Our COVID-19 Case Studies explore the different ways the photographic community is working and staying connected through the pandemic. If you would like to submit a Case Study get in touch for more information.
Ciara Leeming is a Manchester-based photographer with a parallel career in print journalism. She writes social affairs features for publications such as Big Issue North and works on self-initiated documentary projects which often mix photography with text and audio. Between 2010 and 2015, she worked with Roma families to tell intimate stories about their lives, in a project funded by Arts Council England and Side Gallery. During the first UK lockdown, she photographed more than 250 households in her neighbourhood of Levenshulme through their windows. She went on to make a book, Levy Lockdown Portraits, funded via Kickstarter.
How are you adapting your work during the pandemic?
I’ve had very little headspace because I have two young kids who take up most of my time. At the start of the first lockdown I felt frustrated. The journalist in me wanted to document this crazy news event so I shot a few window portraits on my street. It snowballed and before long I had a project. Normally I interview the people I photograph but I shot many of these portraits with my kids in tow, so had to be quick. The community aspect of my work is also something new. So many people enjoyed the series as I shared it that there was a natural audience for a book.
How are you coping?
Like everyone, I’m having my ups and downs. I find my current lack of bandwidth extremely tough. With schools closed, I’m only able to start working after 8.30pm. I think carving out some space to make personal work against all the odds helped kept me sane through a difficult few months – it’s easy to lose yourself when all you are doing is looking after kids and keeping house. I’m proud of that achievement – doubly so because my dad died the day my crowdfunder closed. Again, having something to put my energy into at such a difficult time was quite helpful.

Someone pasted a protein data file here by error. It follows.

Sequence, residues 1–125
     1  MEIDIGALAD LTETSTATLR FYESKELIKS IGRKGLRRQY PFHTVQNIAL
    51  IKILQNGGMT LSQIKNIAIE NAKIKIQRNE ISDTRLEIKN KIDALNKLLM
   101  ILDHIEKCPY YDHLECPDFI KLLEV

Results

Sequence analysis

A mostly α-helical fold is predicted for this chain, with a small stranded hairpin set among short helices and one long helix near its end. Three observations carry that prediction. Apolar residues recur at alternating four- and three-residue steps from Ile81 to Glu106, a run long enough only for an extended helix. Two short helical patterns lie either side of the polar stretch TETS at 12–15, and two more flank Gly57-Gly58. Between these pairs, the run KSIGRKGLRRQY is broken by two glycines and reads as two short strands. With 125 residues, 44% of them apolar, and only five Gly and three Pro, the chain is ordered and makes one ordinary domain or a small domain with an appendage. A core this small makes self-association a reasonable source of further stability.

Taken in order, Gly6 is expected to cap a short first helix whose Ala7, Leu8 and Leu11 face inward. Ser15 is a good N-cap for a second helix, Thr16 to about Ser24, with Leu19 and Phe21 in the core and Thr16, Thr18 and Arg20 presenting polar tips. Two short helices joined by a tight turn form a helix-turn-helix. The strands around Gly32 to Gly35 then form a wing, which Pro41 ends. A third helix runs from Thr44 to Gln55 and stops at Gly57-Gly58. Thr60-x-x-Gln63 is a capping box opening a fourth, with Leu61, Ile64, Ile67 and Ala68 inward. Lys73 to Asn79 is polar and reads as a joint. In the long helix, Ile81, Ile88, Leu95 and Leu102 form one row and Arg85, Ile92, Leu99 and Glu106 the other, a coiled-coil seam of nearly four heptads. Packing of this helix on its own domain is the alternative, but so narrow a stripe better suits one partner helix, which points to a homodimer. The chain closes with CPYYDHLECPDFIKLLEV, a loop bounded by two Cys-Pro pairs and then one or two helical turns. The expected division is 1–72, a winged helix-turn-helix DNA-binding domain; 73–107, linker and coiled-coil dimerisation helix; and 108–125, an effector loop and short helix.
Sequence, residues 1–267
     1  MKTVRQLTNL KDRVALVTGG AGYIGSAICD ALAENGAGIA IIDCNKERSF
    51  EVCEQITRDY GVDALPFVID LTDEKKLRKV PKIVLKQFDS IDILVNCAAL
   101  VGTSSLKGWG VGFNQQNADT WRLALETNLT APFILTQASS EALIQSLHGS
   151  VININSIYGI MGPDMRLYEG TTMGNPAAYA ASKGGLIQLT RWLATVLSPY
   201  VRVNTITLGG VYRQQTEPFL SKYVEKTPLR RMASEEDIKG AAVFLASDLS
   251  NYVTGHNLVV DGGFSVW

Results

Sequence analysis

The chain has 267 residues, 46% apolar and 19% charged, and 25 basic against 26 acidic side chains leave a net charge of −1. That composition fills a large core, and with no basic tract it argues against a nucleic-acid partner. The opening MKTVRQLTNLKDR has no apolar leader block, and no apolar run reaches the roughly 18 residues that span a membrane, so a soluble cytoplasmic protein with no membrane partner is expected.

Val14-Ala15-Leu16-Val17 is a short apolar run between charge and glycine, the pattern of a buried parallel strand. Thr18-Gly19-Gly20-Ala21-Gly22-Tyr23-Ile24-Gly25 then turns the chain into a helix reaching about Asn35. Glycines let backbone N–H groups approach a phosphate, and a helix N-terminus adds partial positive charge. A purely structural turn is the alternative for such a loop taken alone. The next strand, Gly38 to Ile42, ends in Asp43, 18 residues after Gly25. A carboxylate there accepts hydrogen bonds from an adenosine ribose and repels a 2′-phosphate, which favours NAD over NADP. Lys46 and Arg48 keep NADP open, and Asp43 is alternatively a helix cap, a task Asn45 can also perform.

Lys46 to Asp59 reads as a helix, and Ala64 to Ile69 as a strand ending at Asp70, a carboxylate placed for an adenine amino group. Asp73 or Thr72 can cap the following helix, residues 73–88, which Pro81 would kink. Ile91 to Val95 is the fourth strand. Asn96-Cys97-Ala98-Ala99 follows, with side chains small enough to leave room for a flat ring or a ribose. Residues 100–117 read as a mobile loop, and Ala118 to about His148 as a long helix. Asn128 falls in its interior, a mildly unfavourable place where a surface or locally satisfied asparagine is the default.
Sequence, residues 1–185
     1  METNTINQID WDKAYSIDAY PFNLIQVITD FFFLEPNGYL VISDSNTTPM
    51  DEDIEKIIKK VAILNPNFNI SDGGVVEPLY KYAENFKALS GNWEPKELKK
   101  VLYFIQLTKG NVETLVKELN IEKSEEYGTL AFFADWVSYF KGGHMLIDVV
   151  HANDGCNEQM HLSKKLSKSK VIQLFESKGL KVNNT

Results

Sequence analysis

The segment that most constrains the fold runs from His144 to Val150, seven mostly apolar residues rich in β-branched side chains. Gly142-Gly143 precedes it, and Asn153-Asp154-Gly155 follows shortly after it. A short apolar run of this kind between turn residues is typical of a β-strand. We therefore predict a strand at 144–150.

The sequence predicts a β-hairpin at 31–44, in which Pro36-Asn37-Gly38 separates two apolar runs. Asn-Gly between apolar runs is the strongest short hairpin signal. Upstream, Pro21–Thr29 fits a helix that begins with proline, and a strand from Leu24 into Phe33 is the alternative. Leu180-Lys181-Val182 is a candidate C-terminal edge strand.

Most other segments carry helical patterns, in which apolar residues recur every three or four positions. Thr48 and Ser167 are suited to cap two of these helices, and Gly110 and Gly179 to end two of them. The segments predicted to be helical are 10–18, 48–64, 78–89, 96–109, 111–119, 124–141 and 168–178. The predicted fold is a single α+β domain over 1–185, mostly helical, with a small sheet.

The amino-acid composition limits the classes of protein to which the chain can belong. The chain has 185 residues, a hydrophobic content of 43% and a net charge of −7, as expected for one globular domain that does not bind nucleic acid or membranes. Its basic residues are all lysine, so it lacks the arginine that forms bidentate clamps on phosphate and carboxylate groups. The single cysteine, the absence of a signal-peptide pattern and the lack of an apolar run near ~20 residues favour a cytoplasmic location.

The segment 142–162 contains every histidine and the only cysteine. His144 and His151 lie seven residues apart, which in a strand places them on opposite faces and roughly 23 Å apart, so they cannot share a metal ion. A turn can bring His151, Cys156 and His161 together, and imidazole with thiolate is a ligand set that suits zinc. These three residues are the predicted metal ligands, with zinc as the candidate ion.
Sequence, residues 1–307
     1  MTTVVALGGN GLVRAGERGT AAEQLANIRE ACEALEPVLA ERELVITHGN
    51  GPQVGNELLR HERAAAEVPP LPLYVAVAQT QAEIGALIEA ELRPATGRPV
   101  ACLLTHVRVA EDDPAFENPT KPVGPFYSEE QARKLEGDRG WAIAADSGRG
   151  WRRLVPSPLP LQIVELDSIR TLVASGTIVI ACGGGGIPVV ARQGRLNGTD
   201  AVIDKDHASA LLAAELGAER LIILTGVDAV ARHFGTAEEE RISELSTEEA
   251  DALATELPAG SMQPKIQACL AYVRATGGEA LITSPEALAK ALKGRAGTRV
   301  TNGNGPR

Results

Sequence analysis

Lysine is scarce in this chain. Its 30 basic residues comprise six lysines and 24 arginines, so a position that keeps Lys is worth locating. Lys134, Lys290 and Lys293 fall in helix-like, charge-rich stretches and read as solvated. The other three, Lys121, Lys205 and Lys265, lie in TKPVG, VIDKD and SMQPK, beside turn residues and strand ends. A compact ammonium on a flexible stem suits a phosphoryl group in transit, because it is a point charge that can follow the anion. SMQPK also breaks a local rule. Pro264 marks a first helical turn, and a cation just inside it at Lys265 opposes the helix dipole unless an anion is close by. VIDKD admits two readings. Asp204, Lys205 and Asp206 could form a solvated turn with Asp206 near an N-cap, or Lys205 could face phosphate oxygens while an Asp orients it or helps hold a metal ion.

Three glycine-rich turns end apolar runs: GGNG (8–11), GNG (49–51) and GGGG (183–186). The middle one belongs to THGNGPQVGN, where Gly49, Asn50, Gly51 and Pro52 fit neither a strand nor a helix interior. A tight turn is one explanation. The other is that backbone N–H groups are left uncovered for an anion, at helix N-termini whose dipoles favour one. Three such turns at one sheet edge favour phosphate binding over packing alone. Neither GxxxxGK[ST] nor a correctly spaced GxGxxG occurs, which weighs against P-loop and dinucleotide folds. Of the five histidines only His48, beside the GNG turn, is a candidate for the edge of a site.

Has the new context inspired you to try anything innovative that you haven’t tried before? If so, what?
Early in 2020, I was commissioned by Peshkar, an Oldham arts organisation, to make some participatory work. I’ve finally found a way forward thanks to Crossing Sectors, a socially engaged photography course I’m on, run by Open Eye Gallery. I recently launched Levy Lockdown Project, which invites Levenshulme residents to document their own experiences of this period. I sent a box of art materials and prompts to a core group of participants and we are going analogue – using scrapbooks and mailing things to each other during this time of seemingly endless Zoom meetings. There’s also a Facebook group and Instagram hashtag (#levylockproject), where any resident can share their images – and I’m hoping to end up with a real mishmash of media. I don’t know what will come of all this but am trying to embrace that uncertainty.
What advice, resources, links or projects would you like to share with other photographers?
How are you procrastinating or distracting yourself from any stress?
When I have time, I’m experimenting with collage. I haven’t done anything I like yet but I’m enjoying the process.
Are there any people or organisations that you would like to particularly highlight for their interesting approach during this time?
I’ve enjoyed photographers who have found different ways to respond to lockdown. My favourites so far are Nicola Muirhead, who put household cleaning products on her images, and Claudia Leisinger’s portrait series The Modern Hunter Gatherers, which looks at people’s shopping habits during the first lockdown.